According to the IMO, marine biodiversity is in danger of invasive aquatic species (IAS), which harm the world’s freshwater, coastal and marine's native ecosystems, a challenge that led to the launch of GloFouling Partnerships project; Thus, taking part in the project, Indonesia and Mexico have formed their national task force.
The project was launched back in March, 2019 and aimed to finding solutions to this intense matter by reducing the transfer of those harmful aquatic species on ship's hulls.The plan has already passed two serious milestones, as another two countries, Indonesia and Mexico joined in the initiative and formed their national task forces to follow.
During October 2019, IMO led workshops in both of the countries in order to discuss the technical factors of this issue and their ability to engage with GloFouling. As a result, the workshop gathered key shipping stakeholders, including the national maritime and environmental authorities, industry representatives, universities, academics and research institutions.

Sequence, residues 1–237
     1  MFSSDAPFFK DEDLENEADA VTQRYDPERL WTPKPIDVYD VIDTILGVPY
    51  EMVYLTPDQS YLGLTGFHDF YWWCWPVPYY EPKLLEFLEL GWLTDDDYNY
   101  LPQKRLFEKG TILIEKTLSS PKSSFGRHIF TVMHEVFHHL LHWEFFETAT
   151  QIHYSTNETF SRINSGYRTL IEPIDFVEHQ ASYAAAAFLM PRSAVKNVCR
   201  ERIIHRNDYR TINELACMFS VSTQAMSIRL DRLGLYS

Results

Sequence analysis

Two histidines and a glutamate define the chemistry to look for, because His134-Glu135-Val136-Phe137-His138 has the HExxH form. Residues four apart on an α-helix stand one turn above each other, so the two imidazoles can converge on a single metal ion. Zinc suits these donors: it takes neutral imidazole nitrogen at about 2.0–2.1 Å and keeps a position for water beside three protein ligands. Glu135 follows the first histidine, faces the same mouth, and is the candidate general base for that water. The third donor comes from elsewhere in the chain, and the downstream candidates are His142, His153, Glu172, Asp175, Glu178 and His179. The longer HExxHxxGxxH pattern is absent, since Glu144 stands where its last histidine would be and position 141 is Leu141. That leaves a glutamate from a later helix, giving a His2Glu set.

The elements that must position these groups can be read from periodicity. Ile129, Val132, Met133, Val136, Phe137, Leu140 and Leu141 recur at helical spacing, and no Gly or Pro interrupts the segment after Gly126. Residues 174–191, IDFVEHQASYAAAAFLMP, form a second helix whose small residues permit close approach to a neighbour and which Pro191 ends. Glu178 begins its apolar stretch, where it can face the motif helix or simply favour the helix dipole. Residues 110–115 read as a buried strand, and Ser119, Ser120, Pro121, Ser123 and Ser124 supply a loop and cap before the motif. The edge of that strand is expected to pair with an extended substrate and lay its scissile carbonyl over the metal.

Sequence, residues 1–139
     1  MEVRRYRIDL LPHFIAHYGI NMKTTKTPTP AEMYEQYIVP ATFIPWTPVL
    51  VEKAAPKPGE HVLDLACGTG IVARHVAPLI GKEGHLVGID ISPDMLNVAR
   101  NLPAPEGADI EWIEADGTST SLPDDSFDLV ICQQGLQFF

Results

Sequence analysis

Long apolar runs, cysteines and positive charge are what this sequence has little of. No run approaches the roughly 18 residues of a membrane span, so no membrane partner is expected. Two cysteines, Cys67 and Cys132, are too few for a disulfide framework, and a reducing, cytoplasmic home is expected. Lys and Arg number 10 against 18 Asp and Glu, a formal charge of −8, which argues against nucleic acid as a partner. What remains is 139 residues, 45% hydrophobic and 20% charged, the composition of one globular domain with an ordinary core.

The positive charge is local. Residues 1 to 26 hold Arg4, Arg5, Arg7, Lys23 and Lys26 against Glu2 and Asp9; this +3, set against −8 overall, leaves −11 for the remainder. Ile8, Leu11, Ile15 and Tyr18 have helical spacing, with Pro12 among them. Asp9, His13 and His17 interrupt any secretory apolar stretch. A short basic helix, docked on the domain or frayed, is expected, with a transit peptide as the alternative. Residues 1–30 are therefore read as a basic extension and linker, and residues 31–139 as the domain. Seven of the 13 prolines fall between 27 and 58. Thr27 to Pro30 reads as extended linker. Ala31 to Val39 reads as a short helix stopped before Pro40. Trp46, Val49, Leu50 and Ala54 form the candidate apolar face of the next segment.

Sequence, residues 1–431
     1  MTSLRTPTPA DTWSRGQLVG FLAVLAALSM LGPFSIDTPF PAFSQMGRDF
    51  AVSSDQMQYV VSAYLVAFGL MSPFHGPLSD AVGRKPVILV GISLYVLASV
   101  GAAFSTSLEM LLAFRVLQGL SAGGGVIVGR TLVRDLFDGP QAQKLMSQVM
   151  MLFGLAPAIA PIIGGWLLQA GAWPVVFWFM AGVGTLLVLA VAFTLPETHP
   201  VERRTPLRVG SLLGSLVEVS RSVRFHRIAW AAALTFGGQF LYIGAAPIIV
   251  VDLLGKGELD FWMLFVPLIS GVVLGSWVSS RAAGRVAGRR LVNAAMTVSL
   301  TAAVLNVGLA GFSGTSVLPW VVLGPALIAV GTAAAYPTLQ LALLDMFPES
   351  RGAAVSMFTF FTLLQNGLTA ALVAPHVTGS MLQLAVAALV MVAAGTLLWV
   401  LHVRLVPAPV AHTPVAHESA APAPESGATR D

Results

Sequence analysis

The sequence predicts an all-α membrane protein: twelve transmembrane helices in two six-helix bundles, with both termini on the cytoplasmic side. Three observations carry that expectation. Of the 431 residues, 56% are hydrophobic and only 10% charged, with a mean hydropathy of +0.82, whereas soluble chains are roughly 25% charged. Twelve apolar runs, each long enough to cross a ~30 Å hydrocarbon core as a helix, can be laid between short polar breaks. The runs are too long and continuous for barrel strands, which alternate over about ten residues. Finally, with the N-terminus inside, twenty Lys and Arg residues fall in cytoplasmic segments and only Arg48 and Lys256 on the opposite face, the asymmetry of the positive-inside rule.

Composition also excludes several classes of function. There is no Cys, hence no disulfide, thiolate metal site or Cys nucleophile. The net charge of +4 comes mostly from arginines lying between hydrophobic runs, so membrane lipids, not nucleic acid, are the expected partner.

The workshops also involved surveys of the threats posed by invasive species and biofouling and analyzed already existing regulatory frameworks and the essential elements for developing national policies.
In the meantime, twelve countries are prepared and have established their national task forces to spearhead the work of the GloFouling Project, as Lead Partnering Countries (LPCs): Brazil, Ecuador, Fiji, Indonesia, Jordan, Madagascar, Mauritius, Mexico, Peru, the Philippines, Sri Lanka and Tonga.
Concluding, GloFouling's Partnerships in Mexico and Indonesia forward plans include developing national baseline reports to assess the present situation with regard to non-indigenous species. Currently-available investigation on the subject will be identified and the economic impacts determined, leading to informed policy decision-making.